By Sara Russell, Ph.D., NTP, CGP
Founder, Feed Your Fertile Body!™ Program
Vitamin D is so ubiquitous in today’s healthcare that it has almost become the medical equivalent to Halloween candy. Yes, low levels of the vitamin are correlated with an increased incidence of certain illnesses, but is the vitamin D depletion a cause of illness, or yet another consequence of imbalances in the body? Katy Haldiman, the Paleo Nurse, puts it this way: “the evidence is building to suggest that low vitamin D levels are a consequence or a biomarker of poor health, and not necessarily the root cause of disease.” You can read Katy’s full article here.
Nutritional checks and balances
To understand why vitamin D alone can’t solve all problems, you need to understand its interactions with other nutrients. There is in fact a an ongoing and complex balancing act always playing out in the human body. Vitamin D supplementation lowers vitamin A, magnesium and potassium and increases calcium and copper in the body. In turn, increased copper means decreased zinc, and when copper is too high in relation to zinc, estrogen begins to be too high in relation to progesterone, potentially wreaking havoc with fertility, pregnancy and female hormonal balance as a whole. On a physical level, these hormonal imbalances may manifest as breast tenderness, PMS, menstrual pain and cramping, excessive bleeding and more. Emotionally, these physical symptoms may be accompanied by anxiety, depression, tearfulness, mood swings and even phobias and obsessive thoughts and behaviors. These are consequences of the vicious cycle of estrogen dominance and copper dysregulation which perpetuate each other.
A lot of women who have PCOS suffer from a combination of excess copper and estrogen, and it’s common for these women to be deficient in magnesium, zinc, vitamin A and/or potassium. Vitamin D can hardly be accused of causing PCOS, of course, but this condition and these nutritional imbalances rarely correct themselves if the client takes supplemental D.
A deficiency of vitamin A relative to D can cause immune dysfunction (particularly increased risk of viral infections), night blindness and keratosis pilaris, that is, a bumpy rash on the underside of the upper arms. Unfortunately, excess vitamin D can also increase the retention of lead, especially in children. So indiscriminate vitamin D supplementation can cause or aggravate certain imbalances in the body.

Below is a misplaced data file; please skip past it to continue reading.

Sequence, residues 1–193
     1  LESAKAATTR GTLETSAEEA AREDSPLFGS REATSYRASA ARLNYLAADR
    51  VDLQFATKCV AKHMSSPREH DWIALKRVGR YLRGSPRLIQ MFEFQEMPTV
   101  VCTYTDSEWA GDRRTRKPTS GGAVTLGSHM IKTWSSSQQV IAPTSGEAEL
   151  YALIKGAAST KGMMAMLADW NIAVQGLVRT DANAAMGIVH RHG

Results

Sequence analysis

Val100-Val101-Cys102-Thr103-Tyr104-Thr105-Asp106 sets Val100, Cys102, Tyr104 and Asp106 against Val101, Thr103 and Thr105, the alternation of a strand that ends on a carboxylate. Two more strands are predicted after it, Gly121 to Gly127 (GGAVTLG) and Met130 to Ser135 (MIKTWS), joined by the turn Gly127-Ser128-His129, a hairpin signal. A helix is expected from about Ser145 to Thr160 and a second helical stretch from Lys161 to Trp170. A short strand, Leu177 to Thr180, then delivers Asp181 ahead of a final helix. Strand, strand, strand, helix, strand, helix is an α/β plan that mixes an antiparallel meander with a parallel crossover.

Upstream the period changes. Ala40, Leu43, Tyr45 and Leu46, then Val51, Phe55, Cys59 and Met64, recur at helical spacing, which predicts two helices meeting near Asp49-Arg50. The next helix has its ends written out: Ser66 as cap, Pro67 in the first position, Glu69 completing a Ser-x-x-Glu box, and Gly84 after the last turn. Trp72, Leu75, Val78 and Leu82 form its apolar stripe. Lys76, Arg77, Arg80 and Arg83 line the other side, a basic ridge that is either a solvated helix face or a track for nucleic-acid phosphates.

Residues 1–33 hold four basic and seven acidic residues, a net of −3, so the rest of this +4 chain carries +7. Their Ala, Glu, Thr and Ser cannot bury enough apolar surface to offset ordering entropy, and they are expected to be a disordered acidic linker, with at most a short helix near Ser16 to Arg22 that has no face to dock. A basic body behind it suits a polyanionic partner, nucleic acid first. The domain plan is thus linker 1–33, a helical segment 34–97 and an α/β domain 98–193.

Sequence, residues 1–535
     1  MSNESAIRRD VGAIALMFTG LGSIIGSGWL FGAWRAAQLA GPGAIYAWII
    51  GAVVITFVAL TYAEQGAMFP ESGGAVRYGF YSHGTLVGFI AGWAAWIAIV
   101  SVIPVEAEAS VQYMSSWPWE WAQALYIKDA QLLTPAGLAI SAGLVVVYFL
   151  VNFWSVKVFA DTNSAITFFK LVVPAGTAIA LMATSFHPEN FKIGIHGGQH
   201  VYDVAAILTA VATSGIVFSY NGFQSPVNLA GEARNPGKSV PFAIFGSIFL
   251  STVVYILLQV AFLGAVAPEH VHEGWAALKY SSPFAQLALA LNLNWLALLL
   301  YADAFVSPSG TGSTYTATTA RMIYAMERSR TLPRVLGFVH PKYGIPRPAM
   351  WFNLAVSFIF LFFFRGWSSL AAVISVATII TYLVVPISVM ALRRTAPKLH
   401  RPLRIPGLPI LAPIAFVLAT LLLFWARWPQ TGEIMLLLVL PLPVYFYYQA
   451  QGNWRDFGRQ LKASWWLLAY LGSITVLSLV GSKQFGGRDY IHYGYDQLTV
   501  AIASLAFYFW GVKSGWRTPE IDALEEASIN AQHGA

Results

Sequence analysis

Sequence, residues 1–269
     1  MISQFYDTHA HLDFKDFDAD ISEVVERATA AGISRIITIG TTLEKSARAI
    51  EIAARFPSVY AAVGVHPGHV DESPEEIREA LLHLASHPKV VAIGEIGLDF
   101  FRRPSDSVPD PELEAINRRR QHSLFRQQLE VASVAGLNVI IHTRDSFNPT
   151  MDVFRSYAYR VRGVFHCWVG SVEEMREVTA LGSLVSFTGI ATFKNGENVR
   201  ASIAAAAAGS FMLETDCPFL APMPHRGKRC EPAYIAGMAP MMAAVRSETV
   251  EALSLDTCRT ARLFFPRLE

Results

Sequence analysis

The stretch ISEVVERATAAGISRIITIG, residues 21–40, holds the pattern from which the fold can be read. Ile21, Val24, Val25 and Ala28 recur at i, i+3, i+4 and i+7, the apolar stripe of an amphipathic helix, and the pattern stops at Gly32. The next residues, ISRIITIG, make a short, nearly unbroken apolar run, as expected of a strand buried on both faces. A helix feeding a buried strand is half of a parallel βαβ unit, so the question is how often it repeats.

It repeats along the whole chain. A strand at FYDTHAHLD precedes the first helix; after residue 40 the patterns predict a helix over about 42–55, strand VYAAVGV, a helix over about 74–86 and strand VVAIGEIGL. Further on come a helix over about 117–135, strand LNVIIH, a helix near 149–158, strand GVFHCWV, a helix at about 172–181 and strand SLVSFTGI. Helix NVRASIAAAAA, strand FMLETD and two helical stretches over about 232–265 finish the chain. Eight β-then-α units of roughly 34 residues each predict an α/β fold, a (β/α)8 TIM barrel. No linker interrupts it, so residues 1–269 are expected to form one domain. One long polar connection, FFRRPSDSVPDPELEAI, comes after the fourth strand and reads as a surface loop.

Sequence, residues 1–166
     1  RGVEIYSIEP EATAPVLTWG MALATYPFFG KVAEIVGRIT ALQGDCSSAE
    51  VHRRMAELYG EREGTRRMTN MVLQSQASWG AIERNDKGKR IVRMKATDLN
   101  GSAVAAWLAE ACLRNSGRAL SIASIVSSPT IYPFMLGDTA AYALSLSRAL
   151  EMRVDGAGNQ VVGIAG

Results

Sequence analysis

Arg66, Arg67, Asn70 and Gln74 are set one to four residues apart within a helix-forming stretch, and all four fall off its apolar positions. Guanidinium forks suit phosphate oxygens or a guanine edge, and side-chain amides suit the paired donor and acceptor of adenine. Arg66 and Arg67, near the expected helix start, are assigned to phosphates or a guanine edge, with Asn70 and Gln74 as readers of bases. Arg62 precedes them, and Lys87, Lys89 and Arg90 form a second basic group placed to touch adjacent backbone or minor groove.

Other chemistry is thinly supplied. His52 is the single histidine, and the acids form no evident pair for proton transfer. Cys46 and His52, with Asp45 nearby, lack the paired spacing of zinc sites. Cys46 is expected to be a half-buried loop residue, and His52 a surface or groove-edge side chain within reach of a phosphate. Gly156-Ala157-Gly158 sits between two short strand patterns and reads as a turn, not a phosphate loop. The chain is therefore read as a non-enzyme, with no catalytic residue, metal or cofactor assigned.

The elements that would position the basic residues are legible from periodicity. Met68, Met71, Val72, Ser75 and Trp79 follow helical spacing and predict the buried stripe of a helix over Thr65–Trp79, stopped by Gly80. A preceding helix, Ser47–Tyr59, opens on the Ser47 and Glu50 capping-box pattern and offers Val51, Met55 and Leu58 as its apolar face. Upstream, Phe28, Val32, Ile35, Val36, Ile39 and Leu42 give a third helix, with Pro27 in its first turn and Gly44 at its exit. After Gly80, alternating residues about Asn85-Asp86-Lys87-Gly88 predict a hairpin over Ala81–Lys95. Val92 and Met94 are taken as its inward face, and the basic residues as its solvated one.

The excess soft-tissue calcium that accumulates as a result of inappropriate vitamin D supplementation may cause kidney stones, cataracts, gallstones and bone spurs. On an emotional level, excess tissue calcium can cause or aggravate addictions to sugar, starches, alcohol and caffeine and is often associated with a great degree of shame and negative self-judgment.
There is a time and a place for targeted vitamin supplementation, and there are factors that are not covered in this post. But it isn’t for everyone at all times, and not everyone who tests low on a serum vitamin D test will benefit from supplementation. Please consult with me or another knowledgeable provider to assess whether supplementation is right for you.
Getting out in the fresh air and sunshine is a good habit that will expose you to physiological levels of vitamin D, and your body will definitely know when you’ve gotten enough.
“Should I take Vitamin D?”
The best tool for assessing your need for vitamin D is a hair tissue mineral analysis (HTMA). This non-invasive and highly affordable test can help assess your individual nutritional needs as well as the potential for rebalancing through an individualized supplement program. Because of Vitamin D’s impact on the transport of calcium, magnesium, potassium and copper, I recommend a hair test to anyone who is taking or considering taking it. I have interpreted hundreds of HTMAs and find them very useful in nutritional assessment and fine-tuning.
If you need guidance to assess whether supplementation is right for you, or you want to re-assess your current supplement plan, email me at email@example.com to set up an appointment.
Resources for further learning
Rheaume-Bleue, K. Vitamin K2 and the Calcium Paradox.
Thompson and Barnes. The Calcium Lie II.
Cutler, AH, Hair Test Interpretation: Finding Hidden Toxicities. Sammamish, WA, 2004.
Malter, R. The Strands of Health: A Guide to Understanding Hair Tissue Mineral Analysis. Cottonwood, AZ: Educational and Health Resources of Arizona, Inc., 2002.